PARAMEDIAN LIP PITS - International Journal of Clinical & Medical

advertisement
PARAMEDIAN LIP PITS
Treville Pereira
Department of Oral & Maxillofacial Pathology and
Microbiology, India
• Paramedian lip pits are congenital invaginations
of the lower lip arising from persistent lateral
sulci on the embryonic mandibular arch. They are
also called as congenital fistulas or congenital lip
pits and they normally disappear by six weeks of
embryonic age [1].
• The etiology is unknown. They usually present as
bilateral and symmetric fistulas on either side of
the midline of the vermilion of the lower lip [2].
• Occasionally only a single pit is present that may
be centrally located.
• A ten year old male presented to our clinic with
complaint of decayed teeth in the upper and
lower jaw.
• Clinical examination revealed three decayed teeth
in the upper and lower jaw which required
restoration. On closer examination of the lower
lip prominent depressions were observed [Figure
1]. The lip pits were present since birth [Figure 2].
There was no relevant family history.
Figure 1
Figure 2
• Lip pits are blind sinuses which extend to a depth
of 1.5 cm and may express salivary secretions.
The greatest significance of paramedian lip pits is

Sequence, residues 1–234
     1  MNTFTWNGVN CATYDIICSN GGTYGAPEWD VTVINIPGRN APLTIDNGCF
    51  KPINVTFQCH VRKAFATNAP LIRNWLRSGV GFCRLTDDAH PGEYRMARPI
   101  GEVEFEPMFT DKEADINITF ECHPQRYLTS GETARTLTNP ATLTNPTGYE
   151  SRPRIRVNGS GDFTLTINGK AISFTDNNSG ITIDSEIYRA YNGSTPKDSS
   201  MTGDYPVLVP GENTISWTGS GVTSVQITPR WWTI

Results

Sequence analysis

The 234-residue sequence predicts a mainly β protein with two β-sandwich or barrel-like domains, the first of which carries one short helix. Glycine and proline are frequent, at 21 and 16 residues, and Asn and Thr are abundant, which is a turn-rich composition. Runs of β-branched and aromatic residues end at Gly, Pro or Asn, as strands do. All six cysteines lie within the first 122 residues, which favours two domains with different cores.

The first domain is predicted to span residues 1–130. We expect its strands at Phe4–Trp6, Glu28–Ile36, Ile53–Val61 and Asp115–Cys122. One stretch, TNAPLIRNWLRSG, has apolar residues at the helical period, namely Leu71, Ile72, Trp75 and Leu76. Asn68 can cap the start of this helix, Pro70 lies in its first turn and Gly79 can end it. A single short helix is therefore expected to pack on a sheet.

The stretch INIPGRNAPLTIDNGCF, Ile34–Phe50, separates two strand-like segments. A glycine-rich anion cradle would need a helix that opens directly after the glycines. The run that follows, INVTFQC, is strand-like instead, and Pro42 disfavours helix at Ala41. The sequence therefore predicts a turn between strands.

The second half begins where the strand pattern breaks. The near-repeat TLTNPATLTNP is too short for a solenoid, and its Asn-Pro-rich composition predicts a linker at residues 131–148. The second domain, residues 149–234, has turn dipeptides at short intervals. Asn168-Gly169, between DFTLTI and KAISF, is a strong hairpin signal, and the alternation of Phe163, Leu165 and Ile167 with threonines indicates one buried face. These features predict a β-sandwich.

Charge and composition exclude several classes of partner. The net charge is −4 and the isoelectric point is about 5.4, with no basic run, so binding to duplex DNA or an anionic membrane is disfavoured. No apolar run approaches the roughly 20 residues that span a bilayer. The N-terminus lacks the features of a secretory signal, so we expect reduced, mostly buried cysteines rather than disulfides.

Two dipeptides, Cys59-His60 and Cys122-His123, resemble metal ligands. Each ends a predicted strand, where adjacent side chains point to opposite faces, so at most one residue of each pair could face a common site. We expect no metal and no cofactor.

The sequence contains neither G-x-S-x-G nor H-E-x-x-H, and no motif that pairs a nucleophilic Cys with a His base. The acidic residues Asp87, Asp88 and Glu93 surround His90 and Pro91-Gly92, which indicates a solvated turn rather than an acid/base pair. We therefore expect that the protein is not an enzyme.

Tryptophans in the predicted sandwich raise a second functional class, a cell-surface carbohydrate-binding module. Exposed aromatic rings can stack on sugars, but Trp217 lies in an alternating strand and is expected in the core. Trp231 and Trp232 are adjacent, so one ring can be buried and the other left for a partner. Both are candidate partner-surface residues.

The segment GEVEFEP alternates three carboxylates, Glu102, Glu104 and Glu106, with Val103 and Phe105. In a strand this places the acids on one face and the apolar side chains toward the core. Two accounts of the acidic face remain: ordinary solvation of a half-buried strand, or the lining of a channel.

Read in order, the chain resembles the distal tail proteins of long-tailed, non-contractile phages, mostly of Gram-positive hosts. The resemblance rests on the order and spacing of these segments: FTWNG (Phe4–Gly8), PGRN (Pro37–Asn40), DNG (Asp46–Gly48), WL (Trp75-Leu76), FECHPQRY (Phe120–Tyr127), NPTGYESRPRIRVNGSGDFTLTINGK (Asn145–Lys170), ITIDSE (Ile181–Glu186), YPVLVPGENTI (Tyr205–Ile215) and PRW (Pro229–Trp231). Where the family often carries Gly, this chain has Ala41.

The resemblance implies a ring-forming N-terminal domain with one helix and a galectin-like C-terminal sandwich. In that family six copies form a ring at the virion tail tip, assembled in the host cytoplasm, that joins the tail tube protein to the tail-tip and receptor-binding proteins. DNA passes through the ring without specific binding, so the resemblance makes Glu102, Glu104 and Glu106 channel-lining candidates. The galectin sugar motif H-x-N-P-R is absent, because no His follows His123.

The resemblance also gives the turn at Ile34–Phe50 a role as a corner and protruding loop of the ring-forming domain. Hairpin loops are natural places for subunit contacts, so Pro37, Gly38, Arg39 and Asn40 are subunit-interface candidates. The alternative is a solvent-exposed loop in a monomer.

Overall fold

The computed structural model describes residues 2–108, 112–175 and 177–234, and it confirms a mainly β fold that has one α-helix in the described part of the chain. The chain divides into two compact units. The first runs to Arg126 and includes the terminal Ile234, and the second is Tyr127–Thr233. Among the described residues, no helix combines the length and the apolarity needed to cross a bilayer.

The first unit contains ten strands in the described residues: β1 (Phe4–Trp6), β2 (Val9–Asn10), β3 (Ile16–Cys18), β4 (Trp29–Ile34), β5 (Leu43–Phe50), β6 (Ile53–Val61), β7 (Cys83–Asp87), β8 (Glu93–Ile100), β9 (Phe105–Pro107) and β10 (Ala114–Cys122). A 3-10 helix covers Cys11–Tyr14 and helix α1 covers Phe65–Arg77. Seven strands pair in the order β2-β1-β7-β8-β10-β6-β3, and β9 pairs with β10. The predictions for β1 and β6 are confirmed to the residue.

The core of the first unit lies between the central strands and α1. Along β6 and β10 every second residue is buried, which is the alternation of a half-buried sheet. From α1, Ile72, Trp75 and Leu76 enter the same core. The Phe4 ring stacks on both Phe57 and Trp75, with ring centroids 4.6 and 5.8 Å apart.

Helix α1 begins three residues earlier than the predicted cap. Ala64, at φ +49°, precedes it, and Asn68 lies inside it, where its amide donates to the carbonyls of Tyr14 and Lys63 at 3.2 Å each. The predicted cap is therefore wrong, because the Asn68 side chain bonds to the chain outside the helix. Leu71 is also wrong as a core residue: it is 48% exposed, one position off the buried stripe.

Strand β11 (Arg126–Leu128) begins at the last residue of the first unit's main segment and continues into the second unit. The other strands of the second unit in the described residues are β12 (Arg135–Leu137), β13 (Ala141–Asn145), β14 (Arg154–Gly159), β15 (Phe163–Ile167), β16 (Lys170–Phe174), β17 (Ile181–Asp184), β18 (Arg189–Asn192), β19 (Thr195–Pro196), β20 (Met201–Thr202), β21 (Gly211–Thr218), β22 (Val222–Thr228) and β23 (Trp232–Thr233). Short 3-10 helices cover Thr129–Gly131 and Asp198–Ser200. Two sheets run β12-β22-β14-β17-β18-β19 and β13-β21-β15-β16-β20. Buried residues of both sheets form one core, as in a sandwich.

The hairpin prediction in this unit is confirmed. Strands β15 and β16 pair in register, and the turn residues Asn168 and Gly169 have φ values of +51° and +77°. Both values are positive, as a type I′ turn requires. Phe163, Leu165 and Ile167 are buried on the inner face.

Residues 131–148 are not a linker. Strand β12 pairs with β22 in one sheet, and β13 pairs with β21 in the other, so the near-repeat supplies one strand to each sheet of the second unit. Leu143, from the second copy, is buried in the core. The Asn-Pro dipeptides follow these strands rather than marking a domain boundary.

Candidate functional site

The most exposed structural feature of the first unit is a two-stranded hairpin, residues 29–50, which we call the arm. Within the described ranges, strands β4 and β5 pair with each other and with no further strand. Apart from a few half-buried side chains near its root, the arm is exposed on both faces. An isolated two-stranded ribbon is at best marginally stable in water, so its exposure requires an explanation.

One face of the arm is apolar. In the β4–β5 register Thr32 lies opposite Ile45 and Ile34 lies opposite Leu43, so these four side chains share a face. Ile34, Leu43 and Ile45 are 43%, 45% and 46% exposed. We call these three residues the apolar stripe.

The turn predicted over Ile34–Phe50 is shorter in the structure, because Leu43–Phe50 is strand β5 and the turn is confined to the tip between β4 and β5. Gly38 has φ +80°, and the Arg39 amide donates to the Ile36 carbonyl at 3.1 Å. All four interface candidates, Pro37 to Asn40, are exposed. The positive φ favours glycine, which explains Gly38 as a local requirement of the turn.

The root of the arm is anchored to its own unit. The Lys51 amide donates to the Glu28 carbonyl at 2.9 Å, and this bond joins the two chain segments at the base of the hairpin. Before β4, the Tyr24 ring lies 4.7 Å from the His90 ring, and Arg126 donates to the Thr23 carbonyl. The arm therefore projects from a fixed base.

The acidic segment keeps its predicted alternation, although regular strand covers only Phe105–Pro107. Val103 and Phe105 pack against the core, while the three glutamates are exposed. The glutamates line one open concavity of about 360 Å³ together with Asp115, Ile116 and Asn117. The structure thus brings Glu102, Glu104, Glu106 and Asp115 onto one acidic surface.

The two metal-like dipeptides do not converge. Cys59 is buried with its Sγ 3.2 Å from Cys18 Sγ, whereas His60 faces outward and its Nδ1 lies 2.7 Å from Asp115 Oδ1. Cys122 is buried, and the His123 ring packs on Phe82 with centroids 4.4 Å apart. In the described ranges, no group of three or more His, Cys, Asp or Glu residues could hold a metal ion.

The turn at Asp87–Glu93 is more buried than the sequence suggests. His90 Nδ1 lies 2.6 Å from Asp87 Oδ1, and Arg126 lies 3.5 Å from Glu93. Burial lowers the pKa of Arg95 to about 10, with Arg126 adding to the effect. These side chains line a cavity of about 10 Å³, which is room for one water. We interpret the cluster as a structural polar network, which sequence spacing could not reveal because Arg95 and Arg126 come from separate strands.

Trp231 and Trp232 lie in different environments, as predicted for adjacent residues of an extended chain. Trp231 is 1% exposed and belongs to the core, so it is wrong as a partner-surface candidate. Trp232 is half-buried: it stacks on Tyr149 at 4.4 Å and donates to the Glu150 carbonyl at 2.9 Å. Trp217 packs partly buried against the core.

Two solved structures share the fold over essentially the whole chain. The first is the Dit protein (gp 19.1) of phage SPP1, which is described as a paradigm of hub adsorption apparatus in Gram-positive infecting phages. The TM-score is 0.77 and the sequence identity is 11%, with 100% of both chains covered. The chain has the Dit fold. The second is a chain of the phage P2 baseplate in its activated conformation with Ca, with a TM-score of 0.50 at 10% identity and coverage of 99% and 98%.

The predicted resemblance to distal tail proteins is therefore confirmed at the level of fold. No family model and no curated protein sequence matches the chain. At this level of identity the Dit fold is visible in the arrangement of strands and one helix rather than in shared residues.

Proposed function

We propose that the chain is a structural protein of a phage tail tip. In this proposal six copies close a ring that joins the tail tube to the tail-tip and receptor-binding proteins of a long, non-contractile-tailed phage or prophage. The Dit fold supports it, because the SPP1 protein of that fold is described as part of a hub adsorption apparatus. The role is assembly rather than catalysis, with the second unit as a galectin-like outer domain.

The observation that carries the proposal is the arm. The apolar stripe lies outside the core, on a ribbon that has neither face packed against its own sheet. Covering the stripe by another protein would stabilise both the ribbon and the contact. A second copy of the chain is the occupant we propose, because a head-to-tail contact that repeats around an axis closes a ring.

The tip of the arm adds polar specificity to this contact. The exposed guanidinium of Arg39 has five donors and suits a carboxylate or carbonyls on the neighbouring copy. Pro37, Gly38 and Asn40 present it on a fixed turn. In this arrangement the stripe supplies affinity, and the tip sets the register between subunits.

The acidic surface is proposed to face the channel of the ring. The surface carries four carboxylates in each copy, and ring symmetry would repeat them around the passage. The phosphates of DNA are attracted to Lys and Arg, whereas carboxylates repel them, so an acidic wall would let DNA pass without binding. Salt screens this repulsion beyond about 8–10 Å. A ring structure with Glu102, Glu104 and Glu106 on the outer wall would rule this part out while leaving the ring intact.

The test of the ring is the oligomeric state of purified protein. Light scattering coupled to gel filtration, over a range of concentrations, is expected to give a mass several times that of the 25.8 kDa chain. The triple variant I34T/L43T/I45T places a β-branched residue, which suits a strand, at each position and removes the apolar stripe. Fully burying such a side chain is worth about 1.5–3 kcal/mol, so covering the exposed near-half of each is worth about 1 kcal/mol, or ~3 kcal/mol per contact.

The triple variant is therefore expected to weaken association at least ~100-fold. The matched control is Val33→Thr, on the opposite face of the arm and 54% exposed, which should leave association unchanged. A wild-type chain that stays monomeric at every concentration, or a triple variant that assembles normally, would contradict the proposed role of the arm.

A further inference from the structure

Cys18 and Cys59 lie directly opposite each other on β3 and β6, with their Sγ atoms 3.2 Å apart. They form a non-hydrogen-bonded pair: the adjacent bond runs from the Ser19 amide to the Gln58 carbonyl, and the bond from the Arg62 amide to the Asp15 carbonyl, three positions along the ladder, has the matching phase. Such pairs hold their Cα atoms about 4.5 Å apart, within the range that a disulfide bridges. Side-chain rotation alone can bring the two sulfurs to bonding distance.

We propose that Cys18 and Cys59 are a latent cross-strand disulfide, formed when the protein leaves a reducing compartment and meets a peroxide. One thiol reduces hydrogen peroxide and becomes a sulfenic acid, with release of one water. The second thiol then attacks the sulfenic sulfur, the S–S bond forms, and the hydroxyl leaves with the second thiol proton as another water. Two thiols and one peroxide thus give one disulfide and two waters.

that they are usually inherited as an autosomal
dominant trait in combination with cleft lip and /
or cleft palate. It is called as Vander Woude
syndrome. The incidence of Vander Woude
syndrome is 1:75,000 to 100,000[3]. Recent
genetic studies have shown that microdeletion at
chromosome bands 1q32 – q41 are the cause of
this syndrome.
• Paramedian lip pits are also a feature of
popliteal pterygium syndrome which is
characterized by popliteal webbing (pterygia),
cleft lip and or cleft palate, genital
abnormalities and congenital bands
connecting the upper and lower jaws
(syngnathia).1
• The case presented here showed none of the
above features other than the lip pits.
• The labial pits may be excised for cosmetic
purpose. However the most significant
problem is associated with the congenital
anomalies and the potential of transmission of
the trait to subsequent generations. This case
is presented here for its rarity.
References
1)Neville, Damm, Allen, Bouquot (2nd Edition) : A
textbook of Oral & Maxillofacial Pathology.
2)Gylling US, Rintala AE, Lahiti AY (1970) :
Congenital sinuses of lower lip in connection
with cleft lip and palate, J. Cleft Palate, 7 : 336 –
346.
3)Vander Woude (2006) : International Journal
of Dermatology, 45 : 299.
Download
Related flashcards

Population genetics

22 cards

RNA

17 cards

Population genetics

25 cards

Mitochondrial diseases

16 cards

RNA

23 cards

Create Flashcards